General information

    • Replicated trial data is more reliable than individual strip plot locations.
      • Single location strip trial plots give us an indication of what various hybrids have done at specific locations, with that location’s specific weather and management style. That does not mean we cannot learn something from these plots. Making hybrid purchasing decisions based on single location plots only works if the weather, management style and soils are similar to the location. Rely on your local Stine representatives to help you pick the products that are suited for your area and management system.
    • Replicated trial data that accounts for photosynthetic competition is better than replicated trial data that does not account for “shading.”
      • A corn hybrid is a factory that converts sunlight, water and nutrients to a finished product (grain) that can then be harvested. If replicated trial data, which is generally gleaned from small plots, does not account for some hybrids being able to collect more available sunlight due to “shading,” other competitive products will return false data points that will not match field level trials of those same products. Remember Elite Trials, Stine’s unique testing system, is uniquely adapted to pick the best material over broad acres and testing sites, offering you confidence in the purchasing process.
    • Compare local strip trial data to your farm and county averages to get a good idea of product performance.
      • To find products that will work in your area, pick from strip trial data that consistently performs year after year rather than local yields. Remember, the plot winner isn’t always the best product. Choose products that consistently perform year to year and farm to farm.

    Issues to consider in delayed planting with above average moisture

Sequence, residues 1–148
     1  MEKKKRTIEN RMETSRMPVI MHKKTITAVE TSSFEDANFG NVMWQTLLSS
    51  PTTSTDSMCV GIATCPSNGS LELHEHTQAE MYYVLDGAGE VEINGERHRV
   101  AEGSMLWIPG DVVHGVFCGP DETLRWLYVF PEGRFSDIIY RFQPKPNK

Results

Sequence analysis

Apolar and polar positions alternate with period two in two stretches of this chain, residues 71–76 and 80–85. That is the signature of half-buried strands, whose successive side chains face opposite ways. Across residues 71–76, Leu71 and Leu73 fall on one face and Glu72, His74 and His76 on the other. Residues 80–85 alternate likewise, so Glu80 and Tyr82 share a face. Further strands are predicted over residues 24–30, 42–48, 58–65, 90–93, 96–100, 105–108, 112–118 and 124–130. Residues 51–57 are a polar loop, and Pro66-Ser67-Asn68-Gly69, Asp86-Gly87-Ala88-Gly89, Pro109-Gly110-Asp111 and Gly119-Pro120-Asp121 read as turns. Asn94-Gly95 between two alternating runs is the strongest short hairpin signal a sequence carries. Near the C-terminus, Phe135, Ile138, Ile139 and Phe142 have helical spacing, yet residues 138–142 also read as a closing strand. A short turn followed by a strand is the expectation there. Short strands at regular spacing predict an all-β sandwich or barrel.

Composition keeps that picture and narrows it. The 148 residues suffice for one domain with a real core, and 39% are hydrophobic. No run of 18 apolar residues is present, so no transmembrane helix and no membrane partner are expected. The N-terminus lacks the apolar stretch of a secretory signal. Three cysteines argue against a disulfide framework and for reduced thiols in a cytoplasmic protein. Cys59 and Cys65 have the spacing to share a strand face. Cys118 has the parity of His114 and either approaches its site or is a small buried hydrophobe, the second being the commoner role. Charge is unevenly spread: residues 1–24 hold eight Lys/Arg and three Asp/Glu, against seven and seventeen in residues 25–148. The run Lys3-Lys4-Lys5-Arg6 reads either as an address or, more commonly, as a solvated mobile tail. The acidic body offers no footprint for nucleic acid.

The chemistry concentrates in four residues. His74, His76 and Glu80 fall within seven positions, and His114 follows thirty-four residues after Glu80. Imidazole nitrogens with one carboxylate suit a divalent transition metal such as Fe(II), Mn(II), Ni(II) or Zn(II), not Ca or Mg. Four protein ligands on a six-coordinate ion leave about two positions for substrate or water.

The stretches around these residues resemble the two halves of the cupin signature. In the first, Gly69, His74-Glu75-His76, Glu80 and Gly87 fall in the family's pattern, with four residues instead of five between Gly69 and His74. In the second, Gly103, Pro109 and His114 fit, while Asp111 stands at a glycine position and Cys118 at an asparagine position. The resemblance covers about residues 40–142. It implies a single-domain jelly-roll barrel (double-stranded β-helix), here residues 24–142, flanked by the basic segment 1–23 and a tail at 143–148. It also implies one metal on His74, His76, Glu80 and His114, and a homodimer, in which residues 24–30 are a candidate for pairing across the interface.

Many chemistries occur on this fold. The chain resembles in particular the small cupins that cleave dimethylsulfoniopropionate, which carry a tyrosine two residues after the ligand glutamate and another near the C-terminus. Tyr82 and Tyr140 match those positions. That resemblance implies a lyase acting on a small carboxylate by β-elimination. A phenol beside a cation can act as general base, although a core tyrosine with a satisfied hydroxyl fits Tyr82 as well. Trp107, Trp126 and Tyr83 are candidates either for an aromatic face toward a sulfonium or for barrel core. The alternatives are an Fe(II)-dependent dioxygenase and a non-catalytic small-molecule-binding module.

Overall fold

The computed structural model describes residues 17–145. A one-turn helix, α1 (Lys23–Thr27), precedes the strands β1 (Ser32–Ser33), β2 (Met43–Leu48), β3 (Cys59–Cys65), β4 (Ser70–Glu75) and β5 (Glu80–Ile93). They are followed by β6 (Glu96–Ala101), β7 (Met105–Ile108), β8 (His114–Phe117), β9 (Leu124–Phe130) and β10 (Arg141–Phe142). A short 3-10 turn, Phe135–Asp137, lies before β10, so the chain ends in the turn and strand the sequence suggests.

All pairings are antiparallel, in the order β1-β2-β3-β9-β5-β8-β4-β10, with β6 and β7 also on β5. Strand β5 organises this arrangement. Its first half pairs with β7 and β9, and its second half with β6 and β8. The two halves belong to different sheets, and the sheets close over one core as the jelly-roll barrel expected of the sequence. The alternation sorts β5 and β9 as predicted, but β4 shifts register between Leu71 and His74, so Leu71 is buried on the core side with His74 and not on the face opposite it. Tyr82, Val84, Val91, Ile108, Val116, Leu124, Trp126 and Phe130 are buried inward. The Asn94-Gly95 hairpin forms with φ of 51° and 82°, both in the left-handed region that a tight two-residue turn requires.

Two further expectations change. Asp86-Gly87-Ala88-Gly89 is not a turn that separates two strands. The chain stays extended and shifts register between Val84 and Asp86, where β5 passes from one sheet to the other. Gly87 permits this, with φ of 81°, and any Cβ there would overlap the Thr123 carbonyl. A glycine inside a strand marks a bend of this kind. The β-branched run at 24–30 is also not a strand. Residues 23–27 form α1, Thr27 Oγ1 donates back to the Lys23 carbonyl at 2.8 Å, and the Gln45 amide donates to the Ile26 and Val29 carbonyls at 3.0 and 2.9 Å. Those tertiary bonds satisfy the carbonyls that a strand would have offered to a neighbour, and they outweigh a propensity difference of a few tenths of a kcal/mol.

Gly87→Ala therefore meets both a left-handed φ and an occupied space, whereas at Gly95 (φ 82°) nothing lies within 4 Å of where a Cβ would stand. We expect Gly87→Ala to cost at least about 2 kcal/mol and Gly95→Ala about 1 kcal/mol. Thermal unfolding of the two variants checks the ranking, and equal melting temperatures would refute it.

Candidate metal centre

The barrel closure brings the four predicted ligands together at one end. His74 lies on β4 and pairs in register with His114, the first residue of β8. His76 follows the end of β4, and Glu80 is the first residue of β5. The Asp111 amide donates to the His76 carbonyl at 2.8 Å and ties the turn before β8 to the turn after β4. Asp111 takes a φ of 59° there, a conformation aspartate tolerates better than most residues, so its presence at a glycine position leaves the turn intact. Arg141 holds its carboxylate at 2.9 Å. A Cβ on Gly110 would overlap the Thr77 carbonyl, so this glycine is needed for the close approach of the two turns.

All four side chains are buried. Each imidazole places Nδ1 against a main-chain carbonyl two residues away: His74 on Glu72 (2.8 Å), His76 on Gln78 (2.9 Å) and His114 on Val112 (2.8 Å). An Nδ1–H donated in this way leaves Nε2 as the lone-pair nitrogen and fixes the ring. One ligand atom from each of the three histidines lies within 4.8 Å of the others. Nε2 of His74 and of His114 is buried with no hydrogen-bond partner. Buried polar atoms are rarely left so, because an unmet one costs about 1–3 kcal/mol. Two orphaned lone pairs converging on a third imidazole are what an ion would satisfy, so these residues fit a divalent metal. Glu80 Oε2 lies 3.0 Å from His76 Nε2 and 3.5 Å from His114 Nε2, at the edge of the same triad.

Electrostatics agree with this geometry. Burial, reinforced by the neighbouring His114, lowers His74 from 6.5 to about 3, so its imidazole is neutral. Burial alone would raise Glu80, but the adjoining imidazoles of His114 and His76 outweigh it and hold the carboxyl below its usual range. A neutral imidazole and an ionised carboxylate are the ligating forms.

• All hybrids will probably be taller than usual due to late planting and adequate moisture.
      • When corn is planted later than optimum it has a tendency to grow taller than usual. Corn grows based on growing degree units and the presence, or lack of stress inducing issues. Late planted corn accumulates growing degree units faster. With above average moisture, corn does not stress during critical phases, causing the nodes to shorten or stack on top of one another. This allows those hybrids to be taller than usual, which can lead to additional photosynthetic competition or “shading.” In an unusual year like this, be cautious when choosing a hybrid based on its height or other agronomic considerations.
    • Above average moisture can cause a higher incidence and severity of disease.
      • A hybrid may be good in the presence of a disease, such as Grey Leaf Spot or Northern Corn Blight; however, with increased moisture, the disease can weaken the inherent abilities of the hybrid to overcome those diseases. This can lead to a specific hybrid underperforming in strip trials where fungicides are often not applied. So again, utilize your local Stine representatives to choose the right products for your farm.